The White House is starting a task force focused on the prevention of online abuse, marking one of the most significant steps the Biden administration has taken to examine the connection between digital vitriol and violence, reports the Washington Post.
The launch fulfills a pledge Biden made on the campaign trail to to study online sexual harassment, stalking and nonconsensual pornography, as well as the connection between such abuse and mass shootings and violence against women.
The long-awaited initiative begins after massacres in Uvalde, Tx., and Buffalo, which involved attackers with histories of online threats and radicalization.
“We see this over and over again, we see issues of extremism and how they turn into violence,” said a senior White House official.
Vice President Harris, who has worked to address online exploitation throughout her career, will unveil the task force at a Thursday White House event, which will convene top administration officials, as well as survivors of online harassment and civil society experts.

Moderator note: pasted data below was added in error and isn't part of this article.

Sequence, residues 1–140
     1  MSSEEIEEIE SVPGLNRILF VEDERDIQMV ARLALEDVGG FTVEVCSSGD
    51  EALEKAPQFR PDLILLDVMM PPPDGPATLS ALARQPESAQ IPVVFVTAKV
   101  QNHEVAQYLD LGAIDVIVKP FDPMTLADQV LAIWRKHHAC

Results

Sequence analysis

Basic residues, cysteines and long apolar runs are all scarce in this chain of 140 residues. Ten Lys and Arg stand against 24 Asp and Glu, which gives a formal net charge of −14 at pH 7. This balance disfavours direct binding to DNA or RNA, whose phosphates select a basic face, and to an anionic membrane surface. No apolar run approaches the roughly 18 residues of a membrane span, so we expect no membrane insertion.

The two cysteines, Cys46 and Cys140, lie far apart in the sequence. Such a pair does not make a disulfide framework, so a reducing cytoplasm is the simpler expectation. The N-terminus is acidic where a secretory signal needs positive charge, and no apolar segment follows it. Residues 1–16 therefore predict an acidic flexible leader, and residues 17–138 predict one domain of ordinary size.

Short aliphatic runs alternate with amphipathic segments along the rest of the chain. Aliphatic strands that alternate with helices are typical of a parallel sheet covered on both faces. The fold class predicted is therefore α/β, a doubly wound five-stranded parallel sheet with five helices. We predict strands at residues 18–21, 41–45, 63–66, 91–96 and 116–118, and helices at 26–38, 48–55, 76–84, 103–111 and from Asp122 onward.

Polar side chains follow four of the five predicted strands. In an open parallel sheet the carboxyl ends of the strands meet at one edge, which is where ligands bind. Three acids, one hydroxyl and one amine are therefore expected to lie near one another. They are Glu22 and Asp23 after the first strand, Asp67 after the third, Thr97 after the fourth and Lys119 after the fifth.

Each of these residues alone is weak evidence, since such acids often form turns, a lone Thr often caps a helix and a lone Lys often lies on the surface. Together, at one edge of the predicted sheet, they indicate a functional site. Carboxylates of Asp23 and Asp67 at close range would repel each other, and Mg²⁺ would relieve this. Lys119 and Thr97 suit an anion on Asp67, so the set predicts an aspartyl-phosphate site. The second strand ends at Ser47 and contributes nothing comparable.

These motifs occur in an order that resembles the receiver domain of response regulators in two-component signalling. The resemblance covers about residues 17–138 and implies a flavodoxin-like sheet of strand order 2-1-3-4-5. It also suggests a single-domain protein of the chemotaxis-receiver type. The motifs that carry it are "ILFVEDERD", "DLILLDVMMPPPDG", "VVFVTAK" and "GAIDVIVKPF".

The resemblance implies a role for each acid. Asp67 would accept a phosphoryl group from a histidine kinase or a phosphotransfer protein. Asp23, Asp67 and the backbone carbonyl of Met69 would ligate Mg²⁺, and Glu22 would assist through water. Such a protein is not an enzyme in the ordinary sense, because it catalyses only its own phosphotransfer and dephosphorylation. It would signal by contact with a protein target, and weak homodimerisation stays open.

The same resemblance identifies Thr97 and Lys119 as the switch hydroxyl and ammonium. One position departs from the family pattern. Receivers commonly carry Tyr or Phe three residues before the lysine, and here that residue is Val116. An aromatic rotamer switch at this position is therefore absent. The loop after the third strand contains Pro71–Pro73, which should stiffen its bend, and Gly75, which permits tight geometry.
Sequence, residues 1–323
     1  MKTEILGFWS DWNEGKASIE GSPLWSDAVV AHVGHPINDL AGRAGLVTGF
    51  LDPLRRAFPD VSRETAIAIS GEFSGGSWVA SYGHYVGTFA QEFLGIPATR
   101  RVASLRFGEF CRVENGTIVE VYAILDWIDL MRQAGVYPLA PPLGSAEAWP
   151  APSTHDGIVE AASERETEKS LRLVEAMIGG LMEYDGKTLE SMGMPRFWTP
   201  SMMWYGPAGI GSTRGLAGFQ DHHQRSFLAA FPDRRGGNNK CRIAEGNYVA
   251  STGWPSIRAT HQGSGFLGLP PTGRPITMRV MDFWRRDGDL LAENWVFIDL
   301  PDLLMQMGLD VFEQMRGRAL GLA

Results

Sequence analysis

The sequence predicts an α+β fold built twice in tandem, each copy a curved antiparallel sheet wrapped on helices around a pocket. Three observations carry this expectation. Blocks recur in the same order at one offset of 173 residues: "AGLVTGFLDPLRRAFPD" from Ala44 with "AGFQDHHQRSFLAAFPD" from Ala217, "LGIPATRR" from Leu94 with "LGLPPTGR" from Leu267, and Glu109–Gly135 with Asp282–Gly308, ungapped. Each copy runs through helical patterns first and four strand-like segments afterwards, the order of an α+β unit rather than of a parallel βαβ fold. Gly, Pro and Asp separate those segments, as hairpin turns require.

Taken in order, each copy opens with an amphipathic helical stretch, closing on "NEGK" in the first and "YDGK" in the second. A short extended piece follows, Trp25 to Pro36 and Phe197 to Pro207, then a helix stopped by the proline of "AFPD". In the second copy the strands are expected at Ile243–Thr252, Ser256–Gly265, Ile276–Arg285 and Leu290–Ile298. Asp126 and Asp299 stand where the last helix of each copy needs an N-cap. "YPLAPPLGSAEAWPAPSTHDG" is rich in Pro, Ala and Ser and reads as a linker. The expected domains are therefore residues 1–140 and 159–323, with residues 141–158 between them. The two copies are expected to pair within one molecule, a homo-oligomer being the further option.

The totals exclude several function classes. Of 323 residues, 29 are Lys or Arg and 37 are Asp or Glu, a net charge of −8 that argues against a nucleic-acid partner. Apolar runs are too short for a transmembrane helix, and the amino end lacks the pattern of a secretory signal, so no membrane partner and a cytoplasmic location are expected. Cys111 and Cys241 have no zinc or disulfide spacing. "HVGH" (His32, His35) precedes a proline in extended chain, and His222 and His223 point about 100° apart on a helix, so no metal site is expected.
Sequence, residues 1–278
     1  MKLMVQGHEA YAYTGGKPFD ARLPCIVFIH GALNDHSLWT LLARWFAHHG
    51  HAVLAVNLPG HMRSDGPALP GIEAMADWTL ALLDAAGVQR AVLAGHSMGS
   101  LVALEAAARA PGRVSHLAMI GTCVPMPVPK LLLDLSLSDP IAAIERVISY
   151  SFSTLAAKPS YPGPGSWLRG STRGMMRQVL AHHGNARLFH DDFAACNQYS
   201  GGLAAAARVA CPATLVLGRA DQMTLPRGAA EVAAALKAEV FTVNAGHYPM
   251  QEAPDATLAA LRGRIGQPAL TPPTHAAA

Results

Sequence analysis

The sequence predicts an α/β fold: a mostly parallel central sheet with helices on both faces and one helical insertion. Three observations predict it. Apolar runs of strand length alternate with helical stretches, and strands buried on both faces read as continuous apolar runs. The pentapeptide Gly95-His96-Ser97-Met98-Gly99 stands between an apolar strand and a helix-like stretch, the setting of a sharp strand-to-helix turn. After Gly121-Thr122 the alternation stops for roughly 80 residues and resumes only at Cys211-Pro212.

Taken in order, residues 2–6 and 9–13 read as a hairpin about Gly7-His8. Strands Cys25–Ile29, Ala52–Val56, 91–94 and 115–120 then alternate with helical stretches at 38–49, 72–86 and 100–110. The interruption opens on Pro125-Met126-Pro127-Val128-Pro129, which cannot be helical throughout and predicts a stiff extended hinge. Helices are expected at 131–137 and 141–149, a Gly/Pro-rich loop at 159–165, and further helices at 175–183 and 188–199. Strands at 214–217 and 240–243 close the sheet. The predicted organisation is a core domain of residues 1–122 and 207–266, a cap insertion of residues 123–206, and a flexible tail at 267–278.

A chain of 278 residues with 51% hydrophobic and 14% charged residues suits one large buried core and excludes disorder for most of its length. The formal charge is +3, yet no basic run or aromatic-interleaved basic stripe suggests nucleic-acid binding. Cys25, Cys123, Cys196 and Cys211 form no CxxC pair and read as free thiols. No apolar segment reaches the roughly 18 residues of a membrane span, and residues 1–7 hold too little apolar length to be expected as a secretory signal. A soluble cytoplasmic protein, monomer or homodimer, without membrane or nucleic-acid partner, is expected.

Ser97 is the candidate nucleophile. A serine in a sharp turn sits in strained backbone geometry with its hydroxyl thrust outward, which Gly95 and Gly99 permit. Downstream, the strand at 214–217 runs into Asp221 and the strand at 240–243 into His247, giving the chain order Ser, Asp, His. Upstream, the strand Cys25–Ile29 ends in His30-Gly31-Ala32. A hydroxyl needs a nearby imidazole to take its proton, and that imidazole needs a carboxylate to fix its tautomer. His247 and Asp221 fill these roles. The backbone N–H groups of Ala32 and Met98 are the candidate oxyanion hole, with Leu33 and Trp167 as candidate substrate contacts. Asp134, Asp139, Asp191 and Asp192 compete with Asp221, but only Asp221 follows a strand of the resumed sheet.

The task force will have 180 days to create a set of policy recommendations for government, as well as recommendations for tech companies, schools and other entities. It will also recommend additional research.
Harris’s efforts to curb online abuse have been controversial. She was a co-sponsor of FOSTA-SESTA, a law that opened up tech companies to lawsuits if they knowingly hosted sex trafficking on their websites. Opponents said the measure had a chilling effect on online speech and harmed sex workers’ ability to communicate safely.
The Biden administration came into office with expectations to develop protocols to deal with hate and violence that spreads online, notably after the Jan. 6, 2021, Capitol riot. Despite public criticism of social media companies, the White House has taken little action in the area.
The administration’s most high-profile social media initiative to date — the Department of Homeland Security’s Disinformation Governance Board — was disbanded after a barrage of attacks. The board’s stated purpose was to “coordinate countering misinformation related to homeland security,” but it became a lightning rod after conservatives raised concerns about online censorship they said might arise.
The White House official said the online abuse task force would be focused on “illegal conduct,” including cyberstalking, online abuse linked to child sex abuse material and trafficking. The White House official said the task force was not focused on any specific social media platform, and that it will “be looking for opportunities to engage with industry experts and leaders.”